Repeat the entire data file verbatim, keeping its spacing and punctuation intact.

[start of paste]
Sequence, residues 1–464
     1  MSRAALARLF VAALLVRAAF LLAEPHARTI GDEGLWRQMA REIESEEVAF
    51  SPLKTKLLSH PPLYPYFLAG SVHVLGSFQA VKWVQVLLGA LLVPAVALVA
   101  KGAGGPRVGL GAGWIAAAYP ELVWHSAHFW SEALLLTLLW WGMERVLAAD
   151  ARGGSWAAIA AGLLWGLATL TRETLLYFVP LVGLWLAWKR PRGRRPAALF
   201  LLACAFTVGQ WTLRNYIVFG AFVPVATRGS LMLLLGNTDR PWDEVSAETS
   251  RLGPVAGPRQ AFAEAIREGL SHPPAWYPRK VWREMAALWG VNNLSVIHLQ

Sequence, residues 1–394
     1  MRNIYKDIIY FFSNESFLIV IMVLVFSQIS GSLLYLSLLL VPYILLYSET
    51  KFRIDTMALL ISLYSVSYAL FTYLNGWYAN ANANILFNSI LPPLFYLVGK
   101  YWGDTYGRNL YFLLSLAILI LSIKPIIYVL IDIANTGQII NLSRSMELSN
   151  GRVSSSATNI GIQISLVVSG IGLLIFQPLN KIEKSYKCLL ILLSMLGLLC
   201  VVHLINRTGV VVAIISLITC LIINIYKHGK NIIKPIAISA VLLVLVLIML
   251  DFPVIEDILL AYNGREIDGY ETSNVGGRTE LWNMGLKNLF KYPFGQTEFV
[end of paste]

Sequence, residues 1–464
     1  MSRAALARLF VAALLVRAAF LLAEPHARTI GDEGLWRQMA REIESEEVAF
    51  SPLKTKLLSH PPLYPYFLAG SVHVLGSFQA VKWVQVLLGA LLVPAVALVA
   101  KGAGGPRVGL GAGWIAAAYP ELVWHSAHFW SEALLLTLLW WGMERVLAAD
   151  ARGGSWAAIA AGLLWGLATL TRETLLYFVP LVGLWLAWKR PRGRRPAALF
   201  LLACAFTVGQ WTLRNYIVFG AFVPVATRGS LMLLLGNTDR PWDEVSAETS
   251  RLGPVAGPRQ AFAEAIREGL SHPPAWYPRK VWREMAALWG VNNLSVIHLQ

Sequence, residues 1–394
     1  MRNIYKDIIY FFSNESFLIV IMVLVFSQIS GSLLYLSLLL VPYILLYSET
    51  KFRIDTMALL ISLYSVSYAL FTYLNGWYAN ANANILFNSI LPPLFYLVGK
   101  YWGDTYGRNL YFLLSLAILI LSIKPIIYVL IDIANTGQII NLSRSMELSN
   151  GRVSSSATNI GIQISLVVSG IGLLIFQPLN KIEKSYKCLL ILLSMLGLLC
   201  VVHLINRTGV VVAIISLITC LIINIYKHGK NIIKPIAISA VLLVLVLIML
   251  DFPVIEDILL AYNGREIDGY ETSNVGGRTE LWNMGLKNLF KYPFGQTEFV